Manual Labor at Virginia Winery
By Henri, a French Intern – Starting today and every week that I’m here at Doukénie, one of Loudoun County’s oldest Virginia vineyards, I will post about the work that I am doing in the vineyard and fields. I really want you, our readers and fans, to stay informed of what is happening every day during harvest at this beautiful Virginia winery. The first step to produce good wine is based on what is created in the field.
Wineries in Virgiina have a difficult time during July. The fourth week of July is decisive. During this time, I worked with baby vines that are two years old. I had to cut the vine shoots from the base of the vine. We paid attention to the shortest vines, cleaning out the weeds and re-attaching the vines to the stakes for additional support.
Next I started working on the Riesling vines, which typically grow in a grapnel shape. With these vines, I needed to cut the vine shoot and branches that grown too low. When the branches touch the ground, the humidity gets trapped among the branches and disease begins quickly, like the downy mildew. The ivy that climbs on the vines and on the trellis post also need to be cut because they stifle the vines, making them die quickly. As you can see there is a lot of manual labor.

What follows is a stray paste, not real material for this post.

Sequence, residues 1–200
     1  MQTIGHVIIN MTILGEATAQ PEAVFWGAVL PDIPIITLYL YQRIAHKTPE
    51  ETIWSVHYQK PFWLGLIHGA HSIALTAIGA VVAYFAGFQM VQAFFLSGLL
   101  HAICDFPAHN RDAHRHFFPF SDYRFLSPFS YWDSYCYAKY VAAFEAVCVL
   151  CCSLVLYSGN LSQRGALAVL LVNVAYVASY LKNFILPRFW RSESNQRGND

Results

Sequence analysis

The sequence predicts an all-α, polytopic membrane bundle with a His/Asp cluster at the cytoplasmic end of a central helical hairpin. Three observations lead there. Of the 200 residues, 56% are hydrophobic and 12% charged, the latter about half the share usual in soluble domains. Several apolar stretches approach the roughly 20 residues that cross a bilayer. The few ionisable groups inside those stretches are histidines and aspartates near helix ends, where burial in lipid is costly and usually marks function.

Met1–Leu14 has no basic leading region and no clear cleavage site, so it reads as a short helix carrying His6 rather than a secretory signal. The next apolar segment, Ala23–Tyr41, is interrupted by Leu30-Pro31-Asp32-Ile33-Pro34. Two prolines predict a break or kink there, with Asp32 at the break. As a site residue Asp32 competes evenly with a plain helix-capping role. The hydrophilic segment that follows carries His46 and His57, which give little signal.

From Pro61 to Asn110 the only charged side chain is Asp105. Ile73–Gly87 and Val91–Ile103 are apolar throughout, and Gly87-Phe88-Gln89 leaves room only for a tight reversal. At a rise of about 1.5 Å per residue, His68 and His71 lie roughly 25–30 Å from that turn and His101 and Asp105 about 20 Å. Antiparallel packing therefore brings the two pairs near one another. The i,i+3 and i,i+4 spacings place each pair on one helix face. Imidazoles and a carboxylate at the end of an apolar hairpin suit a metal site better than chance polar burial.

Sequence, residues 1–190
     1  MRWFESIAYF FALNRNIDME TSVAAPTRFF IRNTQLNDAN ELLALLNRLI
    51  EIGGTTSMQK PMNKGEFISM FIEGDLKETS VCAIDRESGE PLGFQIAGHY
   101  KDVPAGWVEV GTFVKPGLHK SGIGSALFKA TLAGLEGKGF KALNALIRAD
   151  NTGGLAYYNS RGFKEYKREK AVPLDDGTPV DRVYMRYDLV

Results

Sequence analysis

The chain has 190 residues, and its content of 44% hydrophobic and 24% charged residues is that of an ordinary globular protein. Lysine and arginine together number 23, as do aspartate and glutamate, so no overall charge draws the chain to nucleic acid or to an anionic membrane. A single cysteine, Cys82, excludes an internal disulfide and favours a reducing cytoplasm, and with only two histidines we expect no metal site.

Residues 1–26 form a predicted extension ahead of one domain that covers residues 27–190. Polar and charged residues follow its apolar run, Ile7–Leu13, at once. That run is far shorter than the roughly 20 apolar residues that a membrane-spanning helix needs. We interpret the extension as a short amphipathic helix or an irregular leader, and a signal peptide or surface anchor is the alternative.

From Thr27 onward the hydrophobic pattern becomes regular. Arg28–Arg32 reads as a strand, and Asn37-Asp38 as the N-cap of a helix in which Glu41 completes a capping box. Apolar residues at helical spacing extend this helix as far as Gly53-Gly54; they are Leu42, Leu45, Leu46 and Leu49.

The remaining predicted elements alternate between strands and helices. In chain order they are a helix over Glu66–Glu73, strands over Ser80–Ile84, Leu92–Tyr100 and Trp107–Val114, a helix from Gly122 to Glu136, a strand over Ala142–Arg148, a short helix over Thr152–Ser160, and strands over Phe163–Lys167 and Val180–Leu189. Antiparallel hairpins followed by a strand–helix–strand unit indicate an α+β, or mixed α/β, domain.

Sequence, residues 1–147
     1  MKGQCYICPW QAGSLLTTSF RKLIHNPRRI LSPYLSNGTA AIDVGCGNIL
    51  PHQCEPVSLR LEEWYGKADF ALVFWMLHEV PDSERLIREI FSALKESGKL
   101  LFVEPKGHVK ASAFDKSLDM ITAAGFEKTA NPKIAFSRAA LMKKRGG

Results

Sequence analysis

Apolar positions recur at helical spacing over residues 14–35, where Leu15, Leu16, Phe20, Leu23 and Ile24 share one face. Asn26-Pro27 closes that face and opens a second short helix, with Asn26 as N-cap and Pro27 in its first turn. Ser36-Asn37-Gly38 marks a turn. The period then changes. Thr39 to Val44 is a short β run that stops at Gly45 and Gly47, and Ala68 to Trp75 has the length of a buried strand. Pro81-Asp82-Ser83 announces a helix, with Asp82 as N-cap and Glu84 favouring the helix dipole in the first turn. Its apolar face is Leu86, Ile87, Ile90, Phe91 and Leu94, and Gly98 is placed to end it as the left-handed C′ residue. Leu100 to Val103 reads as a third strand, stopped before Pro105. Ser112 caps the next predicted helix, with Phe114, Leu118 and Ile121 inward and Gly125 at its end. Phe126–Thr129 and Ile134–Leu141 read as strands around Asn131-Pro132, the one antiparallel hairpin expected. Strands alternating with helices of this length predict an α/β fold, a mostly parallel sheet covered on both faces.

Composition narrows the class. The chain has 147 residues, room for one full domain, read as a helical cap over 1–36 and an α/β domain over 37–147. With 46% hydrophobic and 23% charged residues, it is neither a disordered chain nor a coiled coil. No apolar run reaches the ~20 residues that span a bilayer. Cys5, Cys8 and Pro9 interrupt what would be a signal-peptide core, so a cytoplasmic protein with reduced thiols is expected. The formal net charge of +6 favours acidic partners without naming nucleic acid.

Next I cut leaves that were growing in front of the grapes. This allows the sun to reheat the grapes, keeping the humidity down. Virginia is very hot and humid and knowing how to counter this humidity is critical. With less humidity, the grapes get fewer diseases and still get enough sun to mature and develop wonderful flavors. Virginia wineries have climate and weather conditiions to deal with regularly.
I then moved to another field working with the tractor. This was some big machine with a huge engine. My job was to place the branches in between the two wires and to cut the branches that were sticking out of the wires. While the tractor was cutting the branches at the top and at the right, it was also cutting the grass.
Now the vines are ready and healthy to help the grapes mature. But we will continue to keep an eye on the evolution of the disease and parasites and on the overall health of the grapes.
See you next week with more news from the Virginia winery, Doukénie Winery! — Henri